Van dwellers at Bristol beauty spot stay put despite eviction notice

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Caravans and vehicles parked in a popular park in Bristol still remain despite being ordered to leave by Bristol City Council. The local authority shared the letters on several parked vehicles on Parry’s Lane in Durdham Down on June 12.

It is the latest chapter in a saga between residents in Clifton Down and Durdham Down and vehicle dwellers over the right to park permanently at the beauty spot. Neighbours are demanding a ban on those who lead the alternative lifestyle – either out of choice or because of the housing crisis – from camping overnight on the roadside, making the area a “no-go zone” and using it as a “latrine”.

The notice threatened legal action if they did not move on. Some vehicles have left the area, but Bristol Live understands Bristol City Council are in contact with vehicles that remain on Parry’s Lane.

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The notice states: "Bristol City Council, whilst having permitted the encampment to date, does not give permission for the public highway to be used in this way and I must therefore ask you to vacate the highway.

"Failure to do so may result in Bristol City Council taking legal proceedings to remove you and the vehicle from the highway. Any caravans or vehicles that appear to be abandoned will also be removed."

Bristol City Council previously said the letter is an "informal request" and allows the vehicle dwellers a chance to speak to the local authority about the concerns raised by council figures and residents. The Neighbourhood Enforcement Team recently visited the area as part of the action.

Several of the dwellers feel they've unfairly been "grouped together" by the council - who referred to them as an "encampment" - when it is the minority who are responsible for the waste. Some say they've been left stressed and angry by the council's measures - and claim they're not doing anything offensive.

Dave Turner, 24, works as a technician and has been living in his caravan on the Downs for two months. After getting the letter from the council a week ago, he said the situation has been keeping him up at night.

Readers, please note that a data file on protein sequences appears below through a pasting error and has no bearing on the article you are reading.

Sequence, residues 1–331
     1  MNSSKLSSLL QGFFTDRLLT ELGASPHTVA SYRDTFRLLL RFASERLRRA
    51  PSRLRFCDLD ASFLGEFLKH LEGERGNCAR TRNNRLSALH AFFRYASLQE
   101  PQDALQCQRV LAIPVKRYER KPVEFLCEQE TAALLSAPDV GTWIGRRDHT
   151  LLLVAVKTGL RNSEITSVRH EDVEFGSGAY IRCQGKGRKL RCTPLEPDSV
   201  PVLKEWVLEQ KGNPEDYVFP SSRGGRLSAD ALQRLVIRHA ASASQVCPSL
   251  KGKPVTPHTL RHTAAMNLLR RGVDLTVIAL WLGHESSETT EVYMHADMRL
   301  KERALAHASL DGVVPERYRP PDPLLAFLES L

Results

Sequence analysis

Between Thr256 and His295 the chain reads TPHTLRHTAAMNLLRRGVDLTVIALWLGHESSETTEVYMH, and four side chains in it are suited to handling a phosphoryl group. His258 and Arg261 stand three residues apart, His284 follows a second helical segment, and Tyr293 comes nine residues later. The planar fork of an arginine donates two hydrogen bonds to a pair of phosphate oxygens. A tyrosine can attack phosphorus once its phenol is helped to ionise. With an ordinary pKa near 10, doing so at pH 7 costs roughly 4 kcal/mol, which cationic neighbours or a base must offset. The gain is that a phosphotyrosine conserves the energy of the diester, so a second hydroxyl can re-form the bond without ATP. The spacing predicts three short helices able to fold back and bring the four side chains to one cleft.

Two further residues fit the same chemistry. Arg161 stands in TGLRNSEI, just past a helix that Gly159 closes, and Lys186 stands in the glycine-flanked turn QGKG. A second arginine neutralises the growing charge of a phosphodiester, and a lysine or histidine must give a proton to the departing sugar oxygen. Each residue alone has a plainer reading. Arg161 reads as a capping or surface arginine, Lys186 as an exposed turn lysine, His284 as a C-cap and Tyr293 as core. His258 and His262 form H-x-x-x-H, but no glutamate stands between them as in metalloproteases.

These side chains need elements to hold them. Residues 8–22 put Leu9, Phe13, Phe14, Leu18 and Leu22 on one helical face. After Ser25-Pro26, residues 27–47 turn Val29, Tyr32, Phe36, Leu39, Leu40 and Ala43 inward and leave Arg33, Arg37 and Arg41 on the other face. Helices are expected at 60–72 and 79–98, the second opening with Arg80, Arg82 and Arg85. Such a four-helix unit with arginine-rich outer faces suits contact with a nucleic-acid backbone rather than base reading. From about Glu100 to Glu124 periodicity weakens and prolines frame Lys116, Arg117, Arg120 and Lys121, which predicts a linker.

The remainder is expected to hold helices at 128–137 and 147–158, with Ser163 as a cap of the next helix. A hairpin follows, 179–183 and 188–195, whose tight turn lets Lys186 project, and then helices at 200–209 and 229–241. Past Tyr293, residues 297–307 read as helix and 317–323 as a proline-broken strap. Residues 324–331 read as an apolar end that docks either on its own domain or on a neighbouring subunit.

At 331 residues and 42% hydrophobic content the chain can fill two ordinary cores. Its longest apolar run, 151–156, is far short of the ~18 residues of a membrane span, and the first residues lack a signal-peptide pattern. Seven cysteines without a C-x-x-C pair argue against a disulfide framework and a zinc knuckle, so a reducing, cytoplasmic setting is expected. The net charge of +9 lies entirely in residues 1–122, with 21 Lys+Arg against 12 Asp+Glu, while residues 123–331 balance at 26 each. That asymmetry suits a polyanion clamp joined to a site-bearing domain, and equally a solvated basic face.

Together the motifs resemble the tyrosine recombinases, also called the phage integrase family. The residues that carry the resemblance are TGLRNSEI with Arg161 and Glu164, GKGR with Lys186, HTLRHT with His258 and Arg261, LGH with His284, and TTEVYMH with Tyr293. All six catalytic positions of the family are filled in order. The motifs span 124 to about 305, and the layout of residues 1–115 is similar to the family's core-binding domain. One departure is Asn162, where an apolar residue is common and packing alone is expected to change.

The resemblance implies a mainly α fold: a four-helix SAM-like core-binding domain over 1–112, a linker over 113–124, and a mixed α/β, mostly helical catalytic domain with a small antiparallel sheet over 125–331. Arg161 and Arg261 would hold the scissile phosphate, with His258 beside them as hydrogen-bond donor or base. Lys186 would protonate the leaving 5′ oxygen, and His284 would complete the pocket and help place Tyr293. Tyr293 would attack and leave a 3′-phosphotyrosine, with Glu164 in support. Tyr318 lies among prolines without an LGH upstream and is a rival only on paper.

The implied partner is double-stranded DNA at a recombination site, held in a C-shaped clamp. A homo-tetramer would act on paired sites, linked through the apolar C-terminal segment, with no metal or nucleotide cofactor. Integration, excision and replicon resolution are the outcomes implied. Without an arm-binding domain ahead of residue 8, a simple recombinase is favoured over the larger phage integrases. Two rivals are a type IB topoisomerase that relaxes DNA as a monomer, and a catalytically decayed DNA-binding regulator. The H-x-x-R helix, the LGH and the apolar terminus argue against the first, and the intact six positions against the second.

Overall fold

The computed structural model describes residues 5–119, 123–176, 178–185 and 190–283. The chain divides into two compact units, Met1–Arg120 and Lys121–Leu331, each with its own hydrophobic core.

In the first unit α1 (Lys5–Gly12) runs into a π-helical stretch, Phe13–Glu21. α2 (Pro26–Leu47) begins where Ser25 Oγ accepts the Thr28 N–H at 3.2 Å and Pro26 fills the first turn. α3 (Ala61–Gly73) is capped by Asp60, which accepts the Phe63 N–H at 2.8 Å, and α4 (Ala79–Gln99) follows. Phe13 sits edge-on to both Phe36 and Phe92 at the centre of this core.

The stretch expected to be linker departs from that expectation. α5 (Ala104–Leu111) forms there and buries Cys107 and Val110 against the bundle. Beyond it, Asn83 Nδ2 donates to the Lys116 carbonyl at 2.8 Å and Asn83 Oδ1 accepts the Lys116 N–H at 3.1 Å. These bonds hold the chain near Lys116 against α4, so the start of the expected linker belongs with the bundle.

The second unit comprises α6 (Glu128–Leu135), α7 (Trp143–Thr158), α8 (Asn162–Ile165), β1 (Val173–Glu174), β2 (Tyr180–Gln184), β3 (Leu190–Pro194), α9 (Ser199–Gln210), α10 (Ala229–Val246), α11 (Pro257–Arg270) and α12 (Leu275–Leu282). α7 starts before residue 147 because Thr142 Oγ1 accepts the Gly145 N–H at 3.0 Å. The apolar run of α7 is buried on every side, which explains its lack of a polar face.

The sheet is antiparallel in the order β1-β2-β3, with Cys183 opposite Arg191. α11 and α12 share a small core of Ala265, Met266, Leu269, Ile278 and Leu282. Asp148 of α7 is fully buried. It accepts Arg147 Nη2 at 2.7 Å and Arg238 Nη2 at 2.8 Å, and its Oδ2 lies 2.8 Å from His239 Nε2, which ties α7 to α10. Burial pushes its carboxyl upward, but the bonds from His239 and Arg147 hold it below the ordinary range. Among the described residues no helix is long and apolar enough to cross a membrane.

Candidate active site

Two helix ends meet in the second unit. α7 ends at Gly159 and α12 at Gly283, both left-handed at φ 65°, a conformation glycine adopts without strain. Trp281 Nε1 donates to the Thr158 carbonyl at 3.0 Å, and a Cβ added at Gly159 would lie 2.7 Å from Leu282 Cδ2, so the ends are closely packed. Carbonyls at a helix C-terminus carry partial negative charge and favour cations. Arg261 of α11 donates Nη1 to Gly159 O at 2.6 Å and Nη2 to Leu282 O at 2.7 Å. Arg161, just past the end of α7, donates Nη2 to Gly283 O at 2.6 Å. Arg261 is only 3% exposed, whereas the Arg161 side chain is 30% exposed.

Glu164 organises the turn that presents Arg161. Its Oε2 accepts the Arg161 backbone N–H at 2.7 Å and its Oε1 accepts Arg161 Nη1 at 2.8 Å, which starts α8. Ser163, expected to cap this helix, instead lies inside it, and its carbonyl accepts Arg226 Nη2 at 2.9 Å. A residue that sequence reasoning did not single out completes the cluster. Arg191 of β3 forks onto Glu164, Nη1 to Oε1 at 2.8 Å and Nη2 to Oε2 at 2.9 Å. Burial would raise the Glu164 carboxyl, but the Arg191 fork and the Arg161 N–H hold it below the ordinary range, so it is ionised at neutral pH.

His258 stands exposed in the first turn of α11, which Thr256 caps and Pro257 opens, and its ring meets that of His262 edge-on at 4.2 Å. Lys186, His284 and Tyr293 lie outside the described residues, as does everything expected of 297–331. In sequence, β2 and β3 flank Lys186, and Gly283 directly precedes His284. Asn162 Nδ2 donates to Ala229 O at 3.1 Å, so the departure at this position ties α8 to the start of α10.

He said: "It's not good. One of the reasons the council gave was our waste disposal, but most of us do it the proper way. They say we're too close to houses but I can't see many houses around here.

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"I work in Bristol if I moved, I can't think of anywhere I could go that would cause less irritation to people than here. It's very stressful I've been looking around as I'll have to try to move.

"I don't like how they've grouped us together and called us an 'encampment' - I'm here on my own. I haven't come with a group. I was fine until I got the letter and now it's keeping me up."

"A few vans have already moved onto a different road, but my van has solar panels so it would be a pain to move as the alternative is an area shaded by trees. This is the perfect spot really. If I had to move to central Bristol, I'd worry about my van - my home - getting broken into as well."

The served letters come as security patrols could be introduced to prevent the parkland from becoming “overwhelmed by lawlessness”. The land is subject to a series of old byelaws, which in theory ban people from a range of activities but these are rarely enforced.

A Bristol City Council spokesperson previously said: "On June 12, the council’s Neighbourhood Enforcement Team visited the encampment on Parry’s Lane and Saville Road to conduct a welfare check and assessment following complaints received from residents and councillors.

"During this visit, a letter was issued to occupants requesting they vacate the land in the next 14 days. This letter is an informal request and offers the vehicle dwellers the opportunity to open a dialogue about the concerns we have raised.

"The Neighbourhood Enforcement Team remains in conversation with the occupants of the Parry’s Lane encampment and will revisit the area on June 26 to assess if further action, as a result of any vehicles remaining on site, is necessary."